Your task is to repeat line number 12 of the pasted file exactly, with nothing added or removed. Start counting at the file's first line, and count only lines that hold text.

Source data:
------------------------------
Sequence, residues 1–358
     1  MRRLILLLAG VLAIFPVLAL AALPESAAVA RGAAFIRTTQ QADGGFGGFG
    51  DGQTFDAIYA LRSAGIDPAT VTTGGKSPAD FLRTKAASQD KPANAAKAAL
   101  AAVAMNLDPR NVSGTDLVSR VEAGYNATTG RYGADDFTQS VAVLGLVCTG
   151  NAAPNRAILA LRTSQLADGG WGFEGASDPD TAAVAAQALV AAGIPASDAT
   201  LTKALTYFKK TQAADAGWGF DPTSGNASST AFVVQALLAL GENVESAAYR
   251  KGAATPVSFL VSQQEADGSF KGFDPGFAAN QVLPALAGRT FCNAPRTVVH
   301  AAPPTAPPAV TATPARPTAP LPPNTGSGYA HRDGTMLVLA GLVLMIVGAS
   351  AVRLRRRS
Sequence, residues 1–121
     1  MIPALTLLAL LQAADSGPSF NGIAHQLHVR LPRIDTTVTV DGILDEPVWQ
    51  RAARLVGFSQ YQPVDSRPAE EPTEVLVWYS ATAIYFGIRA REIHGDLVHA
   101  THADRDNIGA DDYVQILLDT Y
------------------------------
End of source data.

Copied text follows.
    51  RAARLVGFSQ YQPVDSRPAE EPTEVLVWYS ATAIYFGIRA REIHGDLVHA